favor- “ette” friday: good life gourmet

November 18th, 2011

I’d like to share some “take-aways” from a fun event I took part in this week.

If you live in the Westchester area you may have already experienced the delicious cooking of Eric Korn of Good Life Gourmet. He hosted a cooking demonstration for some local food bloggers and I was thrilled to attend. Eric does exactly the kind of cooking I aspire to – using fresh, mostly local/organic ingredients to create simple, yet elegant dishes. His flavors are clean and delicious, and he combines them in new and unexpected ways. His cooking is proof that simple definitely does NOT mean basic or dull.

Eric was joined by another local gem, Stephanie Korn – a health coach and “food whisperer” who was on-hand to explain some of the meal and juice plans that she and Eric are now offering. She also talked a lot about healthy cooking and eating.

We prepared an entire meal together and it was so much fun! Even better, I came away with some  great information that I’d like to share with you as we kick off the holiday cooking madness next week. Some of these tips may be obvious to many of you but I am always thrilled to learn something new – which is why Good Life Gourmet is this week’s “favor-ette”:

Step away from the olive oil – Have you been indoctrinated into thinking that olive oil is the be all-end all of cooking oils? I have. I learned that in fact, it is NOT the professional cook’s oil of choice. For one, it has a strong flavor, which can often compete with other ingredients. And it has a very low smoking point  – which means that it will burn quickly, imparting that burnt flavor to whatever is cooking in it. Eric explained that the best oil to use, overall, is canola oil. It is flavorless and has a high smoking point, making it a superior (and less expensive!) choice  for most cooking. Olive oil should be used primarily when the cooking temperature is no higher than 200 degrees (for example, if you’re oven-roasting tomatoes). So save the fancy artisanal olive oils for finishing a dish (much like sea salt) or when that “olive-y” taste is desired. Click here for a great article that explains the differences in cooking oils.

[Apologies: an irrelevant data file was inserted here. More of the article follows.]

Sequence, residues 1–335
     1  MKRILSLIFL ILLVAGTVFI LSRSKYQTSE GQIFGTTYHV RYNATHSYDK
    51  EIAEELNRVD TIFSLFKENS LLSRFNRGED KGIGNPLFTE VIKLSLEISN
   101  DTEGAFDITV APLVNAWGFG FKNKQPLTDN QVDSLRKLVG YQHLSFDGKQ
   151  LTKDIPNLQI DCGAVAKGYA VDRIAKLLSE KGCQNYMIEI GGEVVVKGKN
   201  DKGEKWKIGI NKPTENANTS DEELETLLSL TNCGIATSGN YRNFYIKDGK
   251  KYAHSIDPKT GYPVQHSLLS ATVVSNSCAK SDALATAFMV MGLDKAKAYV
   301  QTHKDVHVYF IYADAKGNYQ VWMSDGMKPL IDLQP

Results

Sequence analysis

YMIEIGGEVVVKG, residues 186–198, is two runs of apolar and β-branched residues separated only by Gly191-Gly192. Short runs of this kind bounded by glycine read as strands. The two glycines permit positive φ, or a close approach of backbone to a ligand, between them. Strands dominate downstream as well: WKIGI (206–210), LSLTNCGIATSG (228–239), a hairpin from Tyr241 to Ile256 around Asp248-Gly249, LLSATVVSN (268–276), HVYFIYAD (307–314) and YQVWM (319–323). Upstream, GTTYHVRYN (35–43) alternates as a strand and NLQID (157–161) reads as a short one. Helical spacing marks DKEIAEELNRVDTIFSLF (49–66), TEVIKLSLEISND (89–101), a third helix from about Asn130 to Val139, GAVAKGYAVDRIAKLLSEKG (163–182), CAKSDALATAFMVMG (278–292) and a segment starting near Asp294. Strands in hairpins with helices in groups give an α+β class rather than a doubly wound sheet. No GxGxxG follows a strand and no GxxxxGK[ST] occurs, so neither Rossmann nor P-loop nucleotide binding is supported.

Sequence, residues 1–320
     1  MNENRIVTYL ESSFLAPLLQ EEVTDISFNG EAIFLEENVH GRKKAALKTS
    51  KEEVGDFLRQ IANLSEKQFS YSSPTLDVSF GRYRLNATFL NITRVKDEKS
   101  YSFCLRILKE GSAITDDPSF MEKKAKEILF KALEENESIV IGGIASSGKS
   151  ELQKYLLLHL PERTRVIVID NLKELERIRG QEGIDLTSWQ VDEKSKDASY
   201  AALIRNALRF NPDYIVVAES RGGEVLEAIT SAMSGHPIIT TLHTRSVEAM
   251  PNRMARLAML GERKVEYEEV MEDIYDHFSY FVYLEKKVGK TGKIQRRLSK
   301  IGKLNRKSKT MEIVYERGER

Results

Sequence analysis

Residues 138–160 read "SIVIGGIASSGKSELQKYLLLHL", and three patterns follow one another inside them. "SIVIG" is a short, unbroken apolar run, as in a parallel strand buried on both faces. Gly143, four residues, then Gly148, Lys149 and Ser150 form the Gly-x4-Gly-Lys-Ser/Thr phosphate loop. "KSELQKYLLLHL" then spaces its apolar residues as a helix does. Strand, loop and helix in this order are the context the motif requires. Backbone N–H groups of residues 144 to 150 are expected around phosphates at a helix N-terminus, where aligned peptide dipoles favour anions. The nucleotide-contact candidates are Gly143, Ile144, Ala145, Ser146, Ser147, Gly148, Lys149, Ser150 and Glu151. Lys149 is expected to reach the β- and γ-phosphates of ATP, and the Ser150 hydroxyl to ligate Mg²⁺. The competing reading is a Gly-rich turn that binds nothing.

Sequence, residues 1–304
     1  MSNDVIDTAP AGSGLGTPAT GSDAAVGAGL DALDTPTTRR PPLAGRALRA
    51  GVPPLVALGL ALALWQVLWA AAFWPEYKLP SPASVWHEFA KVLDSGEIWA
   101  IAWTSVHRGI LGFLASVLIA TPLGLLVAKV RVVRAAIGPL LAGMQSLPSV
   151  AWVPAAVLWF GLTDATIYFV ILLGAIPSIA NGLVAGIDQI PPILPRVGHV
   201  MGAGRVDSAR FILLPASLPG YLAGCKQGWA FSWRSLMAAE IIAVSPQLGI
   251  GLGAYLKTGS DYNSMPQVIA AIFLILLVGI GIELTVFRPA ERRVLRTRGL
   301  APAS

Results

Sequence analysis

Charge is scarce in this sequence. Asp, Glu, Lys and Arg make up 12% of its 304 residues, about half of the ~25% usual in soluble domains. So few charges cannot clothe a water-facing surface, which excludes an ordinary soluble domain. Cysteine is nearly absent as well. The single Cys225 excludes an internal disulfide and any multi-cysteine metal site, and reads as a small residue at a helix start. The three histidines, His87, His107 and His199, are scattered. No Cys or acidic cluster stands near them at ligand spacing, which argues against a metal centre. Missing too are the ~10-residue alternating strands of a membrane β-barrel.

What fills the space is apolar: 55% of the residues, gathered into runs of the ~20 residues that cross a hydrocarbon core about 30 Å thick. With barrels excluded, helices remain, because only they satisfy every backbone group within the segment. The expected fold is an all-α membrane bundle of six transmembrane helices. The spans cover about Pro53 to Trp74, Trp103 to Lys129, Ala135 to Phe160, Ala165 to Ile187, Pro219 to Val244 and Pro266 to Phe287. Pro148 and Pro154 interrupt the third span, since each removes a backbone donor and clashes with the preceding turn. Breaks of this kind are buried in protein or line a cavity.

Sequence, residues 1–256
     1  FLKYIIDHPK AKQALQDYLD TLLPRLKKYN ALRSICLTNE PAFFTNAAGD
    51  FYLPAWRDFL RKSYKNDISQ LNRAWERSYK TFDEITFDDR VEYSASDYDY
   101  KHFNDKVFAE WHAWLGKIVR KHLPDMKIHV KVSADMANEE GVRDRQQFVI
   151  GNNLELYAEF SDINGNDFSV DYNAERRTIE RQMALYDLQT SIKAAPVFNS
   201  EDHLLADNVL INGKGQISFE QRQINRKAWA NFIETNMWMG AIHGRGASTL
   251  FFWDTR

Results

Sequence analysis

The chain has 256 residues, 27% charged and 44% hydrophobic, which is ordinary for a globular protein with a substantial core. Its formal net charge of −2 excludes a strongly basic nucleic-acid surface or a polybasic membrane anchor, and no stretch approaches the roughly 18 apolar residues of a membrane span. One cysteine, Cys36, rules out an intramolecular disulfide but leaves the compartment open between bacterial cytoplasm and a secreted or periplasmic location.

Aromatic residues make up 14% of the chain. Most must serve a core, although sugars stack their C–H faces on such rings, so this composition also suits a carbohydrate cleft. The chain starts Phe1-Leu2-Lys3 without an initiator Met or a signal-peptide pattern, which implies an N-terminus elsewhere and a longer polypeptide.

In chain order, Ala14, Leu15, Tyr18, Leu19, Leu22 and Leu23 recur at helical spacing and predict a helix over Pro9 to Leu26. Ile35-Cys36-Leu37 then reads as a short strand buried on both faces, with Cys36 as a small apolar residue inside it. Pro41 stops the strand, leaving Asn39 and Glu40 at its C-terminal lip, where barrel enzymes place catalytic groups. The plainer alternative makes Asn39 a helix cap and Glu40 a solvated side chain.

I have mad knife skills – Well, I do now. Now that Eric demonstrated the proper way to hold a knife. He shared two great tips that I plan to start using right away. 1. Hold (or “choke”) the knife  much higher up on the handle. This gives you more control and results in less strain. 2. “Curl” your fingers in and away from the blade as you cut. This basically guarantees that the knife will never slice your fingers. Loved that one!

Do the two-step – Eric taught us a brilliant way to cook salmon – which can be applied to almost any protein. You pan sear one side in a hot saute pan. Once that side is well-browned (when it releases easily from the pan), remove the pieces and invert onto a baking sheet. Finish cooking in a 350 degree oven. This technique results in that nice caramelized crust while retaining an interior that is cooked through yet still moist.

Whole grains rock! I’ll admit it, I’m a white-flour junkie. I really want to be one of those quinoa-farro-wheatberry types but am mostly mystified by what to do with them. Eric made a delicious quinoa salad and explained how versatile these grains can be. And a big batch made on a Sunday can last for several days during the week, incorporated into a variety of dishes. Use them as a great “base” for any vegetables you have on hand. Add dried fruit and agave nectar for breakfast. Or  fold in some egg and flour and make fritters (NOW you’re talking!). Ironically, the very next day – in a museum cafe no less – I had a delicious salad of farro, butternut squash, cranberries and pecans (similar to the one shown here). Noah, to my surprise, gobbled it up and I was thinking what a healthy (and simple) side dish this will be.

Skirt the issue – How do you dress your salad? I dump pour my dressing – all of it – right smack in the center of the salad. I then spend a ridiculous amount of time trying to evenly coat the remaining greens. Eric poured his vinaigrette – a little at a time – around the perimeter of the bowl. The dressing slid to the bottom and resulted in perfectly coated greens. This may be my favorite tip of all.

Happy Cooking – and Happy Friday!

Wondering what favor-”ette” means? Click here!

Good Life Gourmet
http://good-lifegourmet.com/

Westchester Health Coaching
http://www.westchesterhc.com/index.php

 

 

 

 

 

 

 

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